Body fat: 26.3%
Sleep: 7hrs 3min
BP: 126/72 @64bpm
My friend Marie who lives in the Basque country contacted me a few days ago, and told me about an extended fast she did whilst in an elite German medical clinic. She said that on day 12 of her 17 day fast, her energy returned, as did her clarity of thought.
Well that’s what’s happened to me.
Yesterday I did the strongest bike ride I’ve done for ages – 40mins/15.5kms/485cals. The figures weren’t as good as I was doing two weeks ago, but they’re the strongest this week.
Overall I’m feeling good – very good. Clear-headed, solid. I feel like I could go another 14 days, easy. It seems like I’ve passed through some kind of barrier, and I’m now in open waters.
Stats: I dropped 0.6kg in the past 24hrs, my percentage body fat strangely is remaining stubbornly constant, my resting heart rate has gone up a bit, and my blood pressure remains low, which for me is an achievement because I have hypertension.
The feeling of hunger is still no longer an issue, however the idea of food taunts me. Jennifer made a beautiful fried rice with chicken and cabbage last night for dinner, then sat beside me and ate it. I would have loved to have had some, but of course that wasn’t possible. But the idea of tucking into a bowl of that beautiful fried rice was very tempting.
Yesterday I learned that an important meeting I had scheduled in Sydney on Thursday has been brought forward to Tuesday morning. Early. We live in Mudgee, four hours drive away, so that means we’ll have to drive to Sydney Monday afternoon.
Monday is day#14 of my fast, and I’m not going to do the tricky drive whilst fasting, so I’ve decided to break my fast on Monday at lunch time. This will cut short my 14 day fast by half a day. I don’t see it as a big deal – I’ve done what I set out to do. Sometimes life intercedes in the best laid plans.
Now for more from the esteemed Dr Jason Fung, from his book The Complete Guide to Fasting. It’s an excerpt that continues on about autophagy, which for me the most important aspect of fasting –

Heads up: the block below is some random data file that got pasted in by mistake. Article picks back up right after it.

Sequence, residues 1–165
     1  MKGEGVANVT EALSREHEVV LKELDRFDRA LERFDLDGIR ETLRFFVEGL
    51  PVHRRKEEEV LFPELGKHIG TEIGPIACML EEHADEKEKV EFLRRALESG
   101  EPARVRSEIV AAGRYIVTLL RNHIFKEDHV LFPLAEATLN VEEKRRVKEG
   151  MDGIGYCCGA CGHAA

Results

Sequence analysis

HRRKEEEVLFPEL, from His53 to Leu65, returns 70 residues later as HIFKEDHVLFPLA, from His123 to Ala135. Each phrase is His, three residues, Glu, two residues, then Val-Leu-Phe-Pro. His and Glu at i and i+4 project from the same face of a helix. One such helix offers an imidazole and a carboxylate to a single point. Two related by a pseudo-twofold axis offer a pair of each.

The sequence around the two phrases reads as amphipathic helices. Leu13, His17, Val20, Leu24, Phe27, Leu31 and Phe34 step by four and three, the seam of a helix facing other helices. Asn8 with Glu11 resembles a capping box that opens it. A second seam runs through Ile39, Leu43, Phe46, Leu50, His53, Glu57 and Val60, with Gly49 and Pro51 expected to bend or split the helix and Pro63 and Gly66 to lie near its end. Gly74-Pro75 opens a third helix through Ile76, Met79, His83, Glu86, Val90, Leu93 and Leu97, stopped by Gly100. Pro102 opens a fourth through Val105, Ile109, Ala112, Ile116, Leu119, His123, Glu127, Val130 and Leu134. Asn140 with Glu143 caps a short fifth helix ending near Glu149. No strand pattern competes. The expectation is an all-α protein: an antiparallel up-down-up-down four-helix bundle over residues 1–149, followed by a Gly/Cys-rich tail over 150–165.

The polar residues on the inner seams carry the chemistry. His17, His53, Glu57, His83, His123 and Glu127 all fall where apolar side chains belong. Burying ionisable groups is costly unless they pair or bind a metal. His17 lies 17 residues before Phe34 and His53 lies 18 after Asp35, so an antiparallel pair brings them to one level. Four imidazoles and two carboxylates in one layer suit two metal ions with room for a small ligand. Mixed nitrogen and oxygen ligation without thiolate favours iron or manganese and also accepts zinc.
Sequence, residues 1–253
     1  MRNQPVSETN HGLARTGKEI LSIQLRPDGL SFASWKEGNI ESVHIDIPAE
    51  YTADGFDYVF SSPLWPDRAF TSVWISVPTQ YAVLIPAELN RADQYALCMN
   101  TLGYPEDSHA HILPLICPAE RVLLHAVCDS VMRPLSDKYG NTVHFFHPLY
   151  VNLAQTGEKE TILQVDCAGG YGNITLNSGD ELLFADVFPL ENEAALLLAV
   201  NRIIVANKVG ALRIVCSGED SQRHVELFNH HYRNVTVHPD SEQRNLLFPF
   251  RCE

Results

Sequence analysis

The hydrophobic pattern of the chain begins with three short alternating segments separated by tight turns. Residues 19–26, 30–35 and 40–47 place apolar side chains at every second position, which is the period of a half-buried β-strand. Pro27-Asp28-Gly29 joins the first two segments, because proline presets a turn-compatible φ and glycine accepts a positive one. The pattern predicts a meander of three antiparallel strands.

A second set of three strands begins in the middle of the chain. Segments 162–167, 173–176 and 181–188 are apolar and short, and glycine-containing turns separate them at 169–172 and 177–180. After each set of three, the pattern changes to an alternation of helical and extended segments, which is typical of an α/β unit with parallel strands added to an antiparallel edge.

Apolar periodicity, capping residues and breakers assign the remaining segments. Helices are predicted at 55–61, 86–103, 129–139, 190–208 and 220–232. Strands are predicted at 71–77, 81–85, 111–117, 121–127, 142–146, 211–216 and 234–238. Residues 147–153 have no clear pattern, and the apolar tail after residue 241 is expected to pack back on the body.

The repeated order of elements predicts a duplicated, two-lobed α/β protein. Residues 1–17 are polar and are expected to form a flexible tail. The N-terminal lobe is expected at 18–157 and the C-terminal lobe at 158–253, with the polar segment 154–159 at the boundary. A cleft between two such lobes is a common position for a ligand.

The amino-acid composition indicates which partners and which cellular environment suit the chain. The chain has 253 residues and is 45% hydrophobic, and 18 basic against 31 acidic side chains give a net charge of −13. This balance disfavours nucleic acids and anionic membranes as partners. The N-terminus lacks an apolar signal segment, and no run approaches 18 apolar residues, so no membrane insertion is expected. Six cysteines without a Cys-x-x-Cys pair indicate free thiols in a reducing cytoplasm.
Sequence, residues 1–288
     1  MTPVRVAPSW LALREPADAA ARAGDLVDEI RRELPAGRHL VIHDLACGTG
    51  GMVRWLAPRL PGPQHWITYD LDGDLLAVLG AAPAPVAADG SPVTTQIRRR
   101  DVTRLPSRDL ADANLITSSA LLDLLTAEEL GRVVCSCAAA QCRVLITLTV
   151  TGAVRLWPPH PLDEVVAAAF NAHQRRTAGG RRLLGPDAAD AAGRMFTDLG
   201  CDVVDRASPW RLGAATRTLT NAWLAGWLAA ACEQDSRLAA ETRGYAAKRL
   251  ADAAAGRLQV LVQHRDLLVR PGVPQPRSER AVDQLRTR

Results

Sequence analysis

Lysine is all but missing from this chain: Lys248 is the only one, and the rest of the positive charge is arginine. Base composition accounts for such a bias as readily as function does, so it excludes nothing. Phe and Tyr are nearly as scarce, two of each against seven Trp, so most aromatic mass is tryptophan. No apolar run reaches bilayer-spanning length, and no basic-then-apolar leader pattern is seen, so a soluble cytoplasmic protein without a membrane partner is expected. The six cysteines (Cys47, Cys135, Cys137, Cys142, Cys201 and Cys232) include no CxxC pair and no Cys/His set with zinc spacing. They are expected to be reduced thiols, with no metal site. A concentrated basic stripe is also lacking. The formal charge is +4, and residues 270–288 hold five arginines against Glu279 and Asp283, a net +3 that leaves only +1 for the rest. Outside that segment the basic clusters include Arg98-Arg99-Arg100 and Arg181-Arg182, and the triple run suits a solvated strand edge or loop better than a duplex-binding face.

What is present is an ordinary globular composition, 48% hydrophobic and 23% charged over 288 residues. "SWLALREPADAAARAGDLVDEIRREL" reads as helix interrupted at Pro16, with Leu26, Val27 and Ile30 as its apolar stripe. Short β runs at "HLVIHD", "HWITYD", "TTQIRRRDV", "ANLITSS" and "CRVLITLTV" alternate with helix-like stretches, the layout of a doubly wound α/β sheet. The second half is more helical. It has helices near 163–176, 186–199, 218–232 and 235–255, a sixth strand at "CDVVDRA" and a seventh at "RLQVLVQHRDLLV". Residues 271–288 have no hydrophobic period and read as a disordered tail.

For people with chronic inflammatory and/or neurological conditions, fasting can help accelerate autophagy and the body’s clearing-out of old, damaged tissue. The body engages in “housecleaning” all the time, but when it gets a break from the constant digestion of large amounts of food, it may be able to focus more energy on repair and restoration.
This is why the strongest stimulus to autophagy currently known is fasting, and why fasting alone, unique among diets, stimulates autophagy—simple caloric restriction or dieting isn’t enough. By eating constantly, from the time we wake up to the time we sleep, we prevent the activation of autophagy’s cleansing pathways.
Simply put, fasting cleanses the body of unhealthy or unnecessary cellular debris. This is the reason longer fasts were often called cleanses or detoxifications. At the same time, fasting also stimulates growth hormone, which signals the production of some new snazzy cell parts, giving our bodies a complete renovation.
Since it triggers both the breakdown of old cellular parts and the creation of new ones, fasting may be considered one of the most potent anti-aging methods in existence. Autophagy also plays an important role in the prevention of Alzheimer’s disease. Alzheimer’s is characterized by the abnormal accumulation of amyloid beta (Aß) proteins in the brain, and it’s believed that these accumulations eventually destroy the synaptic connections in the memory and cognition areas.
Normally, clumps of Aß protein are removed by autophagy: the brain cell activates the autophagosome, the cell’s internal garbage truck, which engulfs the Aß protein targeted for removal and excretes it, so it can be removed by the blood and recycled into other protein or turned into glucose, depending upon the body’s needs. But in Alzheimer’s disease, autophagy is impaired and the Aß protein remains inside the brain cell, where eventual buildup will result in the clinical syndromes of Alzheimer’s disease.
Cancer is yet another disease that may be a result of disordered autophagy. We’re learning that mTOR plays a role in cancer biology, and mTOR inhibitors have been approved by the Food and Drug Administration for the treatment of various cancers. Fasting’s role in inhibiting mTOR, thereby stimulating autophagy, provides an interesting opportunity to prevent cancer’s development.
Indeed, some leading scientists, such as Dr. Thomas Seyfried, a professor of biology at Boston College, have proposed a yearly seven-day water-only fast for this very reason.